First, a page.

chapter  7
Who Gets the Best of the Winged Cherub? Reid and Schopenhauer Confront Early Modern Angelism
ByGRAHAM McALEER
Pages 11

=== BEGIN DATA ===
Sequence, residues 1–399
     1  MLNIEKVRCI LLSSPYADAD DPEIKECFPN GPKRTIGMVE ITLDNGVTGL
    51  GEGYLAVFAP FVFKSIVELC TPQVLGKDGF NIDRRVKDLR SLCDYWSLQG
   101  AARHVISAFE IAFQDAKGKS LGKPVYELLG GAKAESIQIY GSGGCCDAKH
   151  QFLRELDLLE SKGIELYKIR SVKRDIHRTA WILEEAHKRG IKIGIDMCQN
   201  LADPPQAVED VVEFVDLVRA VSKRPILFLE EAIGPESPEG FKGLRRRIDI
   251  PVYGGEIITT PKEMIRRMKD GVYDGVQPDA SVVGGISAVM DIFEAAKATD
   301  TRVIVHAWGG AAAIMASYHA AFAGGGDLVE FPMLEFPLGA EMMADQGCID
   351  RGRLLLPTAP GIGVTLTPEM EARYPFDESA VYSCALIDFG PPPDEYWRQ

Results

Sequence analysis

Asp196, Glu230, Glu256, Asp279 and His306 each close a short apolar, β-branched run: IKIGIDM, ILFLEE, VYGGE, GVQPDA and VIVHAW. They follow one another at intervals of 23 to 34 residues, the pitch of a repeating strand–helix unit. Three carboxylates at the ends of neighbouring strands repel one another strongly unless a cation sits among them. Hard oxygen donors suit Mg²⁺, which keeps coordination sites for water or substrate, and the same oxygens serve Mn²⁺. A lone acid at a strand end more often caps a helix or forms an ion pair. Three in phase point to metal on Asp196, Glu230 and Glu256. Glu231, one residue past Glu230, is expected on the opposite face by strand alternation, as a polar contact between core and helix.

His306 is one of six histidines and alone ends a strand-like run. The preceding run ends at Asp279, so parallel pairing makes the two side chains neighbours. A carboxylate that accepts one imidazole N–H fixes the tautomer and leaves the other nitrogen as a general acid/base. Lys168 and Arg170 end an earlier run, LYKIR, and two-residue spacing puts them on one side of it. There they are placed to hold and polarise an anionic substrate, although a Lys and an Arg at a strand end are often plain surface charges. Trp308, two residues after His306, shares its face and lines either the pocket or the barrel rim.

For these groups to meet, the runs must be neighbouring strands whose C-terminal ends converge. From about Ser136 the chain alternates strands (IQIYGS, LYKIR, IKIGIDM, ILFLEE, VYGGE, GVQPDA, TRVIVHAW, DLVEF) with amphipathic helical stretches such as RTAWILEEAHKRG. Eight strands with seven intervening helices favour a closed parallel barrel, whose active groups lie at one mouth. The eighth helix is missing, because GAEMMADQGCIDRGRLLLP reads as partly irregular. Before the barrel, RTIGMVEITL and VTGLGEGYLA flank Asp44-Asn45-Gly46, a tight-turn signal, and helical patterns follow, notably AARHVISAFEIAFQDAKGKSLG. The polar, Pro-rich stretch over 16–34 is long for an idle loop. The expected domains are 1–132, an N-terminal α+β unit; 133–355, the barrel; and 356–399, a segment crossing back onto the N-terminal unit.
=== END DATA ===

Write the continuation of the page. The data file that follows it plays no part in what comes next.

In The World as Will and Representation , Schopenhauer makes an astute observation. In 1818, he seeks a course correction. Revisiting the development of modern philosophy from Descartes to Berkeley and up to Kant, Schopenhauer identifies, and wants to block, the prevailing idea that the knowing subject is “a winged cherub’s head without a body” (WWR1 118). Schopenhauer, is, I think, correct: angelism is a fair summation of the philosophical doctrine wrought by the introduction of Descartes’s idealism.